With the New Zealand borders opening up, Immigration New Zealand’s long-awaited Accredited Employer Work Visa (the AEWV) programme has been given a launch date. Employers who currently employ (or are considering employing) skilled migrant workers, and holders of current Work Visas may be affected by the AEWV.
The AEWV will be effective from 4 July 2022 and employers can apply for accreditation from 23 May 2022. Essential Skills Work Visa applications will cease on 3 July 2022.
The AEWV is intended to streamline the process for employers wishing to take on migrant workforce and will completely replace the previously employee-led Essential Skills Works Visa. The most effective way for employers to fill skilled roles with non-resident workers is to become accredited. The AEWV is also intended to replace six of the existing temporary Work Visa categories, including the Silver Fern Work Visas.
However, employers should note that working holiday visas and other visas with working rights will not be captured by the AEWV, and these schemes have started opening up on a rolling basis from mid-March to young holidaymakers from our partner countries.
For an employer to be approved as an Accredited Employer, they must:
To be considered a ‘genuine business’ an employer must:
Clear History of Regulatory Compliance:
Immigration New Zealand must be satisfied that the employer does not have a recent history of non-compliance of immigration and employment standards. A qualified employer must show they have fully complied with the Immigration Act, Employment Relations Act, and all relevant regulations. An eligible employer must declare further they are not on the Labour Inspectorate ‘stand-down list’ for breaches, such as employing a migrant worker in breach of their visa conditions.
Now is a good time to ensure your employment agreement templates are up-to-date and compliant.
Minimise the Risk of Exploitation:
An eligible employer must take steps to minimise the risk of exploitation. They must allow migrant workers to complete online modules on employment rights and obligations and allow them the time to do so. They should also provide guidance to migrant workers about life and work in New Zealand, such as how to obtain an IRD number and how to access the health care system. Employers must declare that they have fully complied with the above and all recruitment requirements, including payment of recruitment fees in or outside of New Zealand.
Before being able to recruit migrant workers for a position, employers must show that they have genuinely attempted to hire New Zealand citizens or residents for that position.
The employer must show that they have advertised the job for at least two weeks with credible recruitment websites or agencies, without finding a suitable New Zealander to fill the role. A rejection of any New Zealand resident or citizen for any role must be for genuine reasons. For instance, the candidate lacks the experience or skills required for the role advertised or they did not show up for the job interview.
It is worth noting that for highly paid jobs, no advertising is required. A highly paid job is one that is paid a minimum of 200% of the median wage ($55.52/ hour).
There are two levels of accreditation depending on the number of migrants an employer wishes to hire. Accreditation levels are:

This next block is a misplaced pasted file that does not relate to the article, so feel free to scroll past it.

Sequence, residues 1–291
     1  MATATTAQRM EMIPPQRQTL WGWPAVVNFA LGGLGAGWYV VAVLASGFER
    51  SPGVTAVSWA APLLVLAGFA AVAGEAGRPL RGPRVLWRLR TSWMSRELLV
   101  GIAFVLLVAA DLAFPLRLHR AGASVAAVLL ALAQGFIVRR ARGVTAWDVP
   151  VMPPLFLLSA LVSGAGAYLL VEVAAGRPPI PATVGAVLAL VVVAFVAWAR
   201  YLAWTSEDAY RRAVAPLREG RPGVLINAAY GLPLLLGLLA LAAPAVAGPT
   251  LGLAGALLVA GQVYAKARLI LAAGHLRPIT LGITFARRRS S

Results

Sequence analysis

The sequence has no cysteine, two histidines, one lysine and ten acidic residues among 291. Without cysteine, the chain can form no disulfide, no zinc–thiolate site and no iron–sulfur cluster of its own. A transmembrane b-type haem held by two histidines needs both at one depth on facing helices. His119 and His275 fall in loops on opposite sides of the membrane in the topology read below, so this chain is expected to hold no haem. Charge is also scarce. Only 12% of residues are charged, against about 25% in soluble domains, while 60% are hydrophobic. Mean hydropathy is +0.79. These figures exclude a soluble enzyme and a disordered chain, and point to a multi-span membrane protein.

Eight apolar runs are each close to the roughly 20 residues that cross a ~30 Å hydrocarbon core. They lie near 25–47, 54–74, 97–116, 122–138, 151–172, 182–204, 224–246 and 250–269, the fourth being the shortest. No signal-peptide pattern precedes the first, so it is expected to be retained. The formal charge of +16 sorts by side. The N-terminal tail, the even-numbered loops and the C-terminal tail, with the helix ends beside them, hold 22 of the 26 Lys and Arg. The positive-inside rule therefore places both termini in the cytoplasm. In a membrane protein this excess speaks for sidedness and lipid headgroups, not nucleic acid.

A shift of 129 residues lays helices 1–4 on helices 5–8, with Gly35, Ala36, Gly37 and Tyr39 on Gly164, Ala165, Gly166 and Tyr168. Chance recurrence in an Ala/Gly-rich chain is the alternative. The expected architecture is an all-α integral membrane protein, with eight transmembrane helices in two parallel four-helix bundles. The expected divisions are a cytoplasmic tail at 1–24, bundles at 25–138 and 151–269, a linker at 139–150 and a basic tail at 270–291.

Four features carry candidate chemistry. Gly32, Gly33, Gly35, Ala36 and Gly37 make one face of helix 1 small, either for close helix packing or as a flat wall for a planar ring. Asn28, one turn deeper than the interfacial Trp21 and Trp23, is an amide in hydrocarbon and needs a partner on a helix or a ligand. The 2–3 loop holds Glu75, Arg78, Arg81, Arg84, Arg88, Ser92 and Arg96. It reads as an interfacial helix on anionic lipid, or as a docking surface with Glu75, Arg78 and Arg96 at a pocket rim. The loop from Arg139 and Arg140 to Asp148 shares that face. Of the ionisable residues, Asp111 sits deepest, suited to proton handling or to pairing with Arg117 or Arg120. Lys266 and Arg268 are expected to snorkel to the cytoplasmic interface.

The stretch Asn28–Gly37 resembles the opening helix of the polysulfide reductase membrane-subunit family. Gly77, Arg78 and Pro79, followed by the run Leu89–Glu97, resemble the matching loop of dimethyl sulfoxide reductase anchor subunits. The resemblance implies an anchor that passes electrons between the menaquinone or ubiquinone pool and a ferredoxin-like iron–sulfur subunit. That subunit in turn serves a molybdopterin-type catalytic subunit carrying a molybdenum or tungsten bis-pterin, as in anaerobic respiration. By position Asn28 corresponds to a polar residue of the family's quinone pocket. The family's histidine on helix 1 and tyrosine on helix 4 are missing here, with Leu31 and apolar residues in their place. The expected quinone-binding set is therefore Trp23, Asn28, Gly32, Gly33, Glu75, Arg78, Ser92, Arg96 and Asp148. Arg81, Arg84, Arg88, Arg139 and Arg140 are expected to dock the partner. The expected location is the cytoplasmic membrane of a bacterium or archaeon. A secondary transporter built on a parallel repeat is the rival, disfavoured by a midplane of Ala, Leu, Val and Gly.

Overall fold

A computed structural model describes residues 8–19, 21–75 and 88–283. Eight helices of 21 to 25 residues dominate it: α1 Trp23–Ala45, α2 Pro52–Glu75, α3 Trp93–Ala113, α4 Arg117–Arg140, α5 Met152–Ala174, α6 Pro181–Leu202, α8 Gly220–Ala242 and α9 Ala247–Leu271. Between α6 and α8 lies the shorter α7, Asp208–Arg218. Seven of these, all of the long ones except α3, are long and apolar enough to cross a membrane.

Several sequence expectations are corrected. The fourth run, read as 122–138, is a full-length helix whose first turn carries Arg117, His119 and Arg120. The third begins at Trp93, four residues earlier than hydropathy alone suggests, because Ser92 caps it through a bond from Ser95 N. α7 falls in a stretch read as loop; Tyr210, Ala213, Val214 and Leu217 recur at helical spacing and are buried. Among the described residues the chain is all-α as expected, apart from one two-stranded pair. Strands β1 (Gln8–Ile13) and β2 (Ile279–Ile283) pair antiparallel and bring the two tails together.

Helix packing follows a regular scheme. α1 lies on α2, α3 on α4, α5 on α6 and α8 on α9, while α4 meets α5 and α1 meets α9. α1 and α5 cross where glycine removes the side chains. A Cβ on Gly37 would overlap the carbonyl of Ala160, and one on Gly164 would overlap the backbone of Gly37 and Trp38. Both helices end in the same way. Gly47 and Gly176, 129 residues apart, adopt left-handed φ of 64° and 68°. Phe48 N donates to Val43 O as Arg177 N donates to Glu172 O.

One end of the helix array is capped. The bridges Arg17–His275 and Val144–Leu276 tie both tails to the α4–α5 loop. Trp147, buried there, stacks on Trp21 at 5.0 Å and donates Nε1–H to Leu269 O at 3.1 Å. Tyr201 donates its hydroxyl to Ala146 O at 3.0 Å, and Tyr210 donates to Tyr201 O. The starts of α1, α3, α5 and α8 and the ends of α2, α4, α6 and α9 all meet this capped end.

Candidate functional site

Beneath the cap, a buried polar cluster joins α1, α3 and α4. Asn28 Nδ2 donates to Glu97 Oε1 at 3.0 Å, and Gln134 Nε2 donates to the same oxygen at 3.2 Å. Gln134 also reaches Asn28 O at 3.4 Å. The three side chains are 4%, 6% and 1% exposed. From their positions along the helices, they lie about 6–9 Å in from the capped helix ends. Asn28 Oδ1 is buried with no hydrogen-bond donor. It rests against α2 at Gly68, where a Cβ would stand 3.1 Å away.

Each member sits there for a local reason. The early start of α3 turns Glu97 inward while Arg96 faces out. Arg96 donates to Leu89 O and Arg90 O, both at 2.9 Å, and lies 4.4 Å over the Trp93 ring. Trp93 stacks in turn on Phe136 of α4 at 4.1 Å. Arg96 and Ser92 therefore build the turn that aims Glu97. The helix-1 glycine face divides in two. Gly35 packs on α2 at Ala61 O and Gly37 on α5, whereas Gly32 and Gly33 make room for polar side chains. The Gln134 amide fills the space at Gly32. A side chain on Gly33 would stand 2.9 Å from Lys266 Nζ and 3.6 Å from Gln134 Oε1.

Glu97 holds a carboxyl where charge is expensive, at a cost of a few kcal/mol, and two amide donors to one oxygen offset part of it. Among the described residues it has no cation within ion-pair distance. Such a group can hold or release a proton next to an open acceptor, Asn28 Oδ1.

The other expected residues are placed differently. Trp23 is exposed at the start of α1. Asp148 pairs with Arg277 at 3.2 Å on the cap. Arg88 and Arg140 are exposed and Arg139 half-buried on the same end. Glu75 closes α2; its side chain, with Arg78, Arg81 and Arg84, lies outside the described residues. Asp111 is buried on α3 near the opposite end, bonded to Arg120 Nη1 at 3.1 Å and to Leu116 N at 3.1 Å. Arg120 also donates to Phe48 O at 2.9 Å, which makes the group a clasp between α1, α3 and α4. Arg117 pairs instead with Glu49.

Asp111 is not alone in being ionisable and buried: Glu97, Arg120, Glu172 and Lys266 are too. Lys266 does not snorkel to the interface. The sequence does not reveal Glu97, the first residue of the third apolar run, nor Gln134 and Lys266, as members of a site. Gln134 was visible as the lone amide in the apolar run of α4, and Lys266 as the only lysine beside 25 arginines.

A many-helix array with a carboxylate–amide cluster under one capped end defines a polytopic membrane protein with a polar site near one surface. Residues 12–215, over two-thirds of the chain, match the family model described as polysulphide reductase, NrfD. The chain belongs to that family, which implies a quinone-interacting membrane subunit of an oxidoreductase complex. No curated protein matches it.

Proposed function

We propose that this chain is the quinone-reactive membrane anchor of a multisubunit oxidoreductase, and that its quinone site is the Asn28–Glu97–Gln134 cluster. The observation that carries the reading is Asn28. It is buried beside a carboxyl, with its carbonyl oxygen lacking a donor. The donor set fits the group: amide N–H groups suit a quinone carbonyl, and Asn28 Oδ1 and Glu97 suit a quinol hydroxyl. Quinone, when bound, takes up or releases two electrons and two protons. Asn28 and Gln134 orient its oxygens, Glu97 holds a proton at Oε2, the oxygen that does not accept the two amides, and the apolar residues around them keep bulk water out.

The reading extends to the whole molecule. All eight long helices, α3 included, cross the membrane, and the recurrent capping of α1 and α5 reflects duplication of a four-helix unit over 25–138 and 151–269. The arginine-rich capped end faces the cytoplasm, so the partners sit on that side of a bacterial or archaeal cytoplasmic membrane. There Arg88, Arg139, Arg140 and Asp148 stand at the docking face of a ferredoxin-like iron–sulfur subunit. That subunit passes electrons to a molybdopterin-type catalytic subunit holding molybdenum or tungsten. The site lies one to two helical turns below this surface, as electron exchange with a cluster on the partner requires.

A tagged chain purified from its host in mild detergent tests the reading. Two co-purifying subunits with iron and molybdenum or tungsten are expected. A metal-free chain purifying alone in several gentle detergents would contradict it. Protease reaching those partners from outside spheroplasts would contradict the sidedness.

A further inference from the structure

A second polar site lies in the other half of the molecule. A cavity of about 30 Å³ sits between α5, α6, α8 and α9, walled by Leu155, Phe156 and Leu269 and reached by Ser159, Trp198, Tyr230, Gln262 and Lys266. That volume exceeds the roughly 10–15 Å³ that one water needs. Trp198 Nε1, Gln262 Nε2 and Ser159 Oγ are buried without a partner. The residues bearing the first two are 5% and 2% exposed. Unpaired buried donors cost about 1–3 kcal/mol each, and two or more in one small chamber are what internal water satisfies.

“Job quota” is the maximum number of migrants an accredited employer may employ or ‘place’ at any given time under accreditation type.
How this works is that, if an employer has standard accreditation, for example, and has four migrant workers already employed, it can apply for one future worker. The ‘place’ in the quota becomes unavailable until the worker’s visa is withdrawn or declined, OR:
In addition to the standard requirements, franchisee employers must:
Businesses that typically place AEWV migrant workers into roles with other organisations or “controlling third parties” are required to meet the following additional criteria:
Such businesses may be for example, labour hire companies, secondment situations, or global companies looking to appoint candidates in their New Zealand branches or companies.
The final step in the process is for the employer to invite the migrant worker to apply for the visa using Immigration Online. Immigration New Zealand will then check whether the employer is accredited, they have a valid job check and the details of the employment are approved as part of the job check. The applicant must be suitably qualified and meet generic requirements of health, character and bona fides. Immigration New Zealand must be satisfied that the applicant is qualified, experienced, and suitable for the job offered. If the migrant fails any of these checks, the application will be declined.
Importantly, Immigration New Zealand will introduce a new pathway to residence as part of the Skilled Migrant Category review. This will be available to migrants who have held an AEWV for two years and paid at least 200% of the median wage.
If you’d like further advice on the New Accredited Employer Work Visa Policy or any other Immigration matter, please contact Jenna Riddle at: firstname.lastname@example.org or Mouhannad Taha at: Mouhannad.email@example.com or 027 742 1032.
 Section 5 of the Employment Relations Act 2000, defines controlling third party as a person: who has a contract or other arrangement with an employer under which an employee of the employer performs work for the benefit of the person; and who exercises, or is entitled to exercise, control or direction over the employee that is similar or substantially similar to the control or direction that an employer exercises, or is entitled to exercise, in relation to the employee.